Arnie Gundersen, nuclear engineer, Oct. 20, 2014 (at 15:00 in): There’s experts out there like me – independent experts – who are saying that as many as a million cancers may result.

Sneak peek of Oct. 29 broadcast here | Watch Oct. 20 presentation here

Judge Brian House Up For Re-Election?

It don’t get much more obvious that the corruption in Ringgold Georgia.  The judges there violate their ethics and the Cannons in blatant style.  Check the link to the news on Brian House.  He lied three times during the interview!

http://www.youtube.com/watch?v=VLZla0lf1pI

Fukushima Cs-137 Found in Beef, Milk, Vegetation, Beginning in 2011 Through now

Fukushima nuclear material reported in West Coast groundwater; It’s discharging into Pacific Ocean — Fallout also found in meat and fish from same area — “Routinely detected’ in plant life long after March 2011

 
Published: September 4th, 2014 at 11:02 am ET
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http://enenews.com/fukushima-nuclear-material-reported-west-coast-groundwater-being-discharged-pacific-ocean-fallout-detected-meat-fish?utm_source=feedburner&utm_medium=feed&utm_campaign=Feed%3A+ENENews+%28Energy+News%29

 

Diablo Canyon Power Plant (DCPP) Units 1 and 2 Annual Radiological Environmental Operating Report, published April 30, 2014: Isotopic releases occurred in Japan and were carried by the jet stream to the west coast of the United States… [DCPP] periodically detected cesium (Cs-137) within market fish and cow meat due to deposition of Cs-137 from [Fukushima]… Fukushima Cs-137 was detected within one sample of monitoring well… Cs-137 was detected in three samples of market fish most likely due to rainwater washout of Fukushima Cs-137… Cs-137 was detected in [a] 2013 meat samples due to the Fukushima Japan nuclear accidents. This detection occurred… in October… [DCPP] detected cesium within milk, vegetation, and meat throughout 2011 [and] continued to detect cesium within groundwater, fish, vegetation, and meat throughout 2012.

Diablo Canyon Power Plant Units 1 and 2 Annual Radiological Environmental Operating Report, Apr. 30, 2013: Throughout 2012 [we] continued to detect cesium (Cs-137) within milk, vegetation, monitoring wells, fish, and meat due to deposition of Cs-137 from that event… Concentrations of cesium (Cs-137) were also detected in two shallow monitoring wells… This cesium was evaluated and attributed to rain-washout of Fukushima fallout… Due to topography and site characteristics, this groundwater gradient flow discharged into the Pacific Ocean… Cs-137 was detected in three samples of fish most likely due to rainwater washout of Fukushima Cs-137… Cs-137 was detected in 2012 vegetation samples… due to rainwater washout of Fukushima Cs-137 [that] was absorbed by plant life and the soil. DCPP… has routinely detected Cs-137 in plant life since March of 2011 due to this Fukushima event… Cs-137 was detected in… [cow] meat samples due to the Fukushima Japan nuclear accidents… Vegetation uptake and subsequent digestion by the animals were the source of these Cs-137 isotopes into the meat.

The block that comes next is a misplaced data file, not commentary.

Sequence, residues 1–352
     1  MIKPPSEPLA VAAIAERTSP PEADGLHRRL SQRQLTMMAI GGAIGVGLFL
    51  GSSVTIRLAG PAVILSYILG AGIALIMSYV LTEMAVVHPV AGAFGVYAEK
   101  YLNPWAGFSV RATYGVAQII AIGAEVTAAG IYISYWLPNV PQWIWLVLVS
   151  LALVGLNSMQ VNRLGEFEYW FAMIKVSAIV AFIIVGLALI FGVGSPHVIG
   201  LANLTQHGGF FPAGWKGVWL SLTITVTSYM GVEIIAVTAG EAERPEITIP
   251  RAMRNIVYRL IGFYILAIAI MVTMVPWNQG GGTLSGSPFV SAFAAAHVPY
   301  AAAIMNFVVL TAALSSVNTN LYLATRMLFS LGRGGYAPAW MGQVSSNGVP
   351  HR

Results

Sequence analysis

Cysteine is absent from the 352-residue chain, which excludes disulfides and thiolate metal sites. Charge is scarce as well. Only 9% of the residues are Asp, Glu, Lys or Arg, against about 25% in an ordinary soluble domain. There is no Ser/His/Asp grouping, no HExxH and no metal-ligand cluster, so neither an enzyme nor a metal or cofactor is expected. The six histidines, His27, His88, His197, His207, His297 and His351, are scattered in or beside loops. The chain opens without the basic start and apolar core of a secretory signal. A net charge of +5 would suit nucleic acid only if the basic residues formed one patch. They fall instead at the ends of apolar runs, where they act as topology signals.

See also: California Nuclear Plant Engineer: We were hit by explosion at Fukushima Unit 3 (MAP) — “The public started to freak out” — Tell colleagues what radioactive material is coming their way… don’t notify public — Don’t release initial data to officials until they’re ‘on board’

City of Springfield Banned all Foreclosures! How Will The Supreme Court Rule On That?

 

BOSTON – A group of Western Massachusetts banks argued before the state’s highest court on Thursday that the city of Springfield’s anti-foreclosure ordinances should be overturned.

The banks say the local ordinances contradict state laws, and a bond levied on lenders constitutes an illegal tax. “It’s not that banks are opposed to mortgage laws and reform, but to how it’s being done,” said Craig Kaylor, general counsel for Hampden Bank, one of the banks that brought the lawsuit. “These are for the state to decide, not city by city.”

But the city disagrees and says the laws are necessary to avoid blight and protect neighborhoods that have high rates of foreclosure.

“This is the city’s response to the foreclosure crisis,” said Springfield Assistant City Solicitor Thomas Moore, who argued the case before the Supreme Judicial Court. “It’s a response from the city council and mayor based on what they see every day in the city. They’ve taken the strongest stance to protect homeowners and the city itself.”

The city of Springfield passed two anti-foreclosure ordinances in 2011 as the city was being hit hard by the mortgage foreclosure crisis. One ordinance requires a bank that forecloses on a home to pay for a $10,000 bond, which can be used by the city to maintain the foreclosed properties, if the bank fails to do so.

The other ordinance requires the establishment of a mandatory mediation program to help homeowners facing foreclosure. The bank would be responsible for paying most of the cost of the mediation.

Springfield is among the top cities in the state in the number of distressed properties it has. The city says high rates of foreclosures lead to health and education problems for children in families that lose their homes, and high rates of blighted or vacant properties lead to crime and violence in those neighborhoods.